150 results for group: journal-article


Enhanced weathering in the U.S. Corn Belt delivers carbon removal with agronomic benefits

David J. Beerling, Dimitar Z. Epihov, Ilsa B. Kantola, Michael D. Masters, Tom Reershemius, Noah J. Planavsky, Christopher T. Reinhard, Jacob S. Jordan, Sarah J. Thorne1, James Weber, Maria Val Martin, Robert P. Freckleton, Sue E. Hartley, Rachael H. James, Christopher R. Pearce, Evan H. DeLucia, Steven A. Banwart Abstract Enhanced weathering (EW) with crushed basalt on farmlands is a promising scalable atmospheric carbon dioxide removal strategy that urgently requires performance assessment with commercial farming practices. Our large-scale replicated EW field trial in the heart of the U.S. Corn Belt shows cumulative time integrated carbon ...

Basalt addition improves the performance of young grassland monocultures under more persistent weather featuring longer dry and wet spells

Simon Reynaert, Arthur Vienne, Hans J De Boeck, Tommy D'Hose, Ivan Janssens, Ivan Nijs, Miguel Portillo-Estrada, Erik Verbruggen, Sara Vicca, Sílvia Poblador Abstract Global warming is altering the intra-annual variability of precipitation patterns in the mid-latitudes, including a shift towards longer dry and wet spells compared to historic averages. Such fluctuations will likely alter soil water and nutrient dynamics of managed ecosystems which could negatively influence their functioning (e.g., productivity and fodder quality). Here, we investigated whether basalt addition could attenuate effects of increasingly persistent precipitation ...

Optimizing Inorganic Carbon Sequestration and Crop Yield With Wollastonite Soil Amendment in a Microplot Study

Fatima Haque, Rafael M. Santos, Yi Wai Chiang Abstract Carbon dioxide (CO2) is a major greenhouse gas, and its concentration in the atmosphere is increasing continuously, hence there is an urgent need to reduce its level in the atmosphere. Soils offer a large natural sink to store CO2. This study focuses on sequestering CO2 in the agricultural soils as inorganic carbon, which can be accomplished by adding alkaline-earth silicates. Wollastonite is used in this study as a soil amendment, to sequester CO2 via the geochemical route of mineral carbonation. The first objective of the present study was to evaluate the effect of mixing a wide range of ...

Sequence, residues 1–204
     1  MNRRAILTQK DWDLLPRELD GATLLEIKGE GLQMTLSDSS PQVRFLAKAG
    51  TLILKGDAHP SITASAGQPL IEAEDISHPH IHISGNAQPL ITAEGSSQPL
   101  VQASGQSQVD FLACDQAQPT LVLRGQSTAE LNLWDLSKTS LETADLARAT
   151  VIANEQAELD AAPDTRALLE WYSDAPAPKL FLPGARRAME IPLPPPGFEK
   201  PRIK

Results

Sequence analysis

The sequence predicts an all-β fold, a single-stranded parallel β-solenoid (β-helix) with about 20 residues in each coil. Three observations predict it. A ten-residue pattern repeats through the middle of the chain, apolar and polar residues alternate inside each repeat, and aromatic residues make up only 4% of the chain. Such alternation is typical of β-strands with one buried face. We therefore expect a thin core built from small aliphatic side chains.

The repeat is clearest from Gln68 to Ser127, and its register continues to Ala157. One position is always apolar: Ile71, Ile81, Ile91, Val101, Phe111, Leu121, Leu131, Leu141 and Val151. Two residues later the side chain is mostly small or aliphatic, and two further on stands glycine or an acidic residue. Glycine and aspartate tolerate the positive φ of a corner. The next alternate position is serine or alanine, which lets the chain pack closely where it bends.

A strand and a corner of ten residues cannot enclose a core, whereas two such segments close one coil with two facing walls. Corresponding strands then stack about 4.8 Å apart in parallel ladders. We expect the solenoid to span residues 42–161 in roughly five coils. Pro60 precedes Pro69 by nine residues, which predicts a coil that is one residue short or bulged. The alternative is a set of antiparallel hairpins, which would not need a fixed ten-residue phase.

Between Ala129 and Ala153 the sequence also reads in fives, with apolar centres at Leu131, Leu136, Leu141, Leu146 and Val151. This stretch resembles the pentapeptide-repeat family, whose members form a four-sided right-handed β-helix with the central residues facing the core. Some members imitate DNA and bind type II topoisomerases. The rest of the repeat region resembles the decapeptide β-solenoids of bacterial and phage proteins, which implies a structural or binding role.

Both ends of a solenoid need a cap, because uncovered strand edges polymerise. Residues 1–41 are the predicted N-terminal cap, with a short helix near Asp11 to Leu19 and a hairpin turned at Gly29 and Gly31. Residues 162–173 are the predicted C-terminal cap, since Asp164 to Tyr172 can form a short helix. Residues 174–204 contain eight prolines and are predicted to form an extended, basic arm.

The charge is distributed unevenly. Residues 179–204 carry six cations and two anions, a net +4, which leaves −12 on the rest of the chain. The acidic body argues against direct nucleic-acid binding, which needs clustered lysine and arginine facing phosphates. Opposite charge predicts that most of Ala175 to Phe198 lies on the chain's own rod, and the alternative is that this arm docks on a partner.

Characterization of Physically Fractionated Wollastonite-Amended Agricultural Soils

Aashvi Dudhaiya, Fatima Haque, Hugo Fantucci, Rafael M. Santos Abstract Wollastonite is a natural silicate mineral that can be used as an agricultural soil amendment. Once in the soil, this mineral undergoes weathering and carbonation reactions, and, under certain soil and field crop conditions, our previous work has shown that this practice leads to accumulation of inorganic carbon (calcium carbonate). Mineral carbonation is the carbon sequestration approach with the greatest potential for sequestration capacity and permanency. Agricultural lands offer vast areas onto which such minerals can be applied, while benefiting crops. This work ...

Global Sequestration Potential of Increased Organic Carbon in Cropland Soils

Robert J. Zomer, Deborah A. Bossio, Rolf Sommer, Louis V. Verchot Abstract The role of soil organic carbon in global carbon cycles is receiving increasing attention both as a potentially large and uncertain source of CO2 emissions in response to predicted global temperature rises, and as a natural sink for carbon able to reduce atmospheric CO2. There is general agreement that the technical potential for sequestration of carbon in soil is signifcant, and some consensus on the magnitude of that potential. Croplands worldwide could sequester between 0.90 and 1.85 Pg C/yr, i.e. 26–53% of the target of the “4p1000 Initiative: Soils for Food ...